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Project 'in hibernation'

Hopes fade for concert arena in Princes St Gardens

The proposal is in hibernation, says the Trust

A plan for a new concert venue in the shadow of Edinburgh Castle are in a “state of hibernation” and may never be realised, according to the scheme’s backer.

John Campbell, chairman of The Ross Development Trust, said the plan for a replacement to the ageing Ross Bandstand in West Princes Street Gardens needed an injection of significant funds from donors and a stronger drive from Edinburgh Council.

But it is also facing objections from a conservation group which said it would oppose an application to build the arena.

The New York and Los Angeles-based architecture practice wHY won what was regarded as a prestigious international competition in 2017, seeing off a number of high profile rivals.

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Working with Edinburgh-based GRAS and Arup, the £25 million Quaich Project to revamp the gardens and replace the 1935 bandstand finally went out to public consultation in late 2019.

However, in February 2020 the hotelier and philanthropist Norman Springford, who had already pumped £5 million into the plans resigned as chairman of the trust.

Last spring, just as the application was about to be lodged, the City Council, and Historic Environment Scotland condemned the designs and the entire concept.

Mr Campbell said the project and the trust, which has no money, had subsequently “gone into hibernation mode”.

He told the Architects Journal: ‘It was only weeks before we were ready to go for planning [in spring last year] when out of the blue came a letter from the conservation and planning department – and also from Historic Environment Scotland – saying “We really don’t like the whole scheme [and] we think you have misunderstood the origins of the gardens and we want you to go away and rework it”.’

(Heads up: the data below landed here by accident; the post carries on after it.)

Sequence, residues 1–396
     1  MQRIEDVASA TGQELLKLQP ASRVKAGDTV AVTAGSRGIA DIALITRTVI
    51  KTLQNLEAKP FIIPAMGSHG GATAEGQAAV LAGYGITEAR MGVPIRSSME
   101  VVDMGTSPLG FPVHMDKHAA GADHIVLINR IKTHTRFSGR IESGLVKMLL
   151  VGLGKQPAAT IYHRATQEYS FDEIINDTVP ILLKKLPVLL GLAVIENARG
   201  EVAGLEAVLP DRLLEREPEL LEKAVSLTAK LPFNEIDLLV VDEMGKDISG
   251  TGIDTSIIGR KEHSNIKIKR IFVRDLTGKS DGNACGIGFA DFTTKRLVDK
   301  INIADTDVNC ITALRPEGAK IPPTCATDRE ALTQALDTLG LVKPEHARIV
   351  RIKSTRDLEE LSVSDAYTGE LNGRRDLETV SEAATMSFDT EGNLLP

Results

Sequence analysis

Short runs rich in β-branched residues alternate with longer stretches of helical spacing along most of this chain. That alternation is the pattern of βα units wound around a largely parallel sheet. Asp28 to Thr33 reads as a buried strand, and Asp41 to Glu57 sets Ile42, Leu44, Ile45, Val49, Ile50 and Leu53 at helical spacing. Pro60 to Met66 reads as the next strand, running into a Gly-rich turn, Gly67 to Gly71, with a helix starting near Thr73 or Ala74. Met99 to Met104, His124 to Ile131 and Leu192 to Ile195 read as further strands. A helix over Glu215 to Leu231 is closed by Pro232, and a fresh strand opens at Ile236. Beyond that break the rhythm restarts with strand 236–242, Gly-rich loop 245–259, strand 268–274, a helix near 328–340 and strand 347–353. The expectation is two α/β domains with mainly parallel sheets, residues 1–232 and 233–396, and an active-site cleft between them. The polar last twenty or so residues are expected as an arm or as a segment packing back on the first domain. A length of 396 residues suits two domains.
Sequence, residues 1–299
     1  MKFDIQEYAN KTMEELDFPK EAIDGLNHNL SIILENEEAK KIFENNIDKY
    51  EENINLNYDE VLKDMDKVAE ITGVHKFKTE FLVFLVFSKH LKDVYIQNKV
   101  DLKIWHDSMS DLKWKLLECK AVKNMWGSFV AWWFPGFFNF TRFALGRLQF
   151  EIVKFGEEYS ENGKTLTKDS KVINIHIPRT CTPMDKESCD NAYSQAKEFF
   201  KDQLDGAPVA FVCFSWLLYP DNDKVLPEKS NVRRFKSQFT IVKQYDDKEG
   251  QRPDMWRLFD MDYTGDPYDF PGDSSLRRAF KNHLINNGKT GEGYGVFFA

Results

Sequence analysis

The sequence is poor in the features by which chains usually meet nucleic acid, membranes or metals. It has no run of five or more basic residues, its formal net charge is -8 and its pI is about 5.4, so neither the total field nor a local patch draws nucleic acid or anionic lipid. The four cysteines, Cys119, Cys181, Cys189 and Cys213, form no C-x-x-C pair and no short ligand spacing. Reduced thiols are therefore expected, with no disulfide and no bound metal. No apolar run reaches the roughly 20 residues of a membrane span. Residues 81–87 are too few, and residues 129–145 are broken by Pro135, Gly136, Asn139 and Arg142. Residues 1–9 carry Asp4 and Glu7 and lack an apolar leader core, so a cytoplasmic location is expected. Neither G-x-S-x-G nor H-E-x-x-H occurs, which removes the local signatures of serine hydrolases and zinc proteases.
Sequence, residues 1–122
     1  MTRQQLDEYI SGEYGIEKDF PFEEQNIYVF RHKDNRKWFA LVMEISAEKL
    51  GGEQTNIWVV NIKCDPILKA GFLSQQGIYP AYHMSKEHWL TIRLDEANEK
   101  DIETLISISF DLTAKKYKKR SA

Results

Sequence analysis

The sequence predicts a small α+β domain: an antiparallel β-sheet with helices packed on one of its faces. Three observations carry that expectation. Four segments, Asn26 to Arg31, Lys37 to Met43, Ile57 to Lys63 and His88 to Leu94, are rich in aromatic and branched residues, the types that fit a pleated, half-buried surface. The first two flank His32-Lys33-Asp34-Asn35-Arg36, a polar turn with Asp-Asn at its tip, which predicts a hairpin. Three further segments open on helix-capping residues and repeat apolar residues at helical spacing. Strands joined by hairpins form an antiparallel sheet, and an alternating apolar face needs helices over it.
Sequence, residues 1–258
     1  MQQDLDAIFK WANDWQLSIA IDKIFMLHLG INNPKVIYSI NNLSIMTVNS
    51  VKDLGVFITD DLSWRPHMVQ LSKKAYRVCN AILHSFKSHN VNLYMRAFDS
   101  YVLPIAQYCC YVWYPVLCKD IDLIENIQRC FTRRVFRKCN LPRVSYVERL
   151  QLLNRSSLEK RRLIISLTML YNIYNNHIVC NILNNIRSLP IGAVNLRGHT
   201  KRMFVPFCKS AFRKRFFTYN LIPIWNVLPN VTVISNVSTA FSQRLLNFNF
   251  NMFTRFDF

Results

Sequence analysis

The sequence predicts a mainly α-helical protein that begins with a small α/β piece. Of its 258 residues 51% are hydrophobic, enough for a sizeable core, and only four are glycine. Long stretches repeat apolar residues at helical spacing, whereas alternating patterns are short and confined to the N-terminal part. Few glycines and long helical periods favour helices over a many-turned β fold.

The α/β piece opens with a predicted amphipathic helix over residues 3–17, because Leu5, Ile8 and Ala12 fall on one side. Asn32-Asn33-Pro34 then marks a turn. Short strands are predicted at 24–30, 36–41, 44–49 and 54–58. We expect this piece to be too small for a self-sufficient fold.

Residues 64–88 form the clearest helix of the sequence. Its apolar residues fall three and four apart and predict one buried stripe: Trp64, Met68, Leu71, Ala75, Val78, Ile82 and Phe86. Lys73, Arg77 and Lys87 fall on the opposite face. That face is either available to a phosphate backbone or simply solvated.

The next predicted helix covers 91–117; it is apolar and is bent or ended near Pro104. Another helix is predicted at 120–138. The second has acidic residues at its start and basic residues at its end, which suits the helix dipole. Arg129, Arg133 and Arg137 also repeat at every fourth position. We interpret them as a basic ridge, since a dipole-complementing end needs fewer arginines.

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Reflecting on the lack of funding and the impact of the pandemic, he said: “I’d got to a point in March last year that I couldn’t, in all conscience, instruct consultants to do more work, because I couldn’t pay them.

“I don’t have a queue of donors at my door saying “please take my money”. There’s nothing for them to donate to. There is no planning permission. There is no real finished product. There is just an idea. And now, particularly with Covid, fundraising is a nightmare.”

He said one way forward was to look at a “partial realisation” of the scheme, including a revamp of the temporary café and revitalising the ‘Blaes’ open ground. This might mean dropping the centrepiece design to replace the 1930s bandstand.

However, he says it may be necessary for another organisation to take the plans forward.

“I want to hear from the City Council that they are interested, in tangible terms, in all or part of this project. And I want them to set up a structure to enable that to happen,” he said.

Edinburgh City Council said: “We understand that the ongoing pandemic has meant that the Ross Development Trust have no funding to carry on activity, which is a great pity.

“We are grateful for all of their work to date and we are ready to resume the partnership if and when the trust gets back up and running again.”

Historic Environment Scotland said the proposals raised concerns of national interest, with a significant detrimental impact on the gardens.

A spokesman said: “Although we are supportive of the garden’s facilities being improved, with the current proposals we noted we would object to planning permission and conservation area consent if an application came in.”



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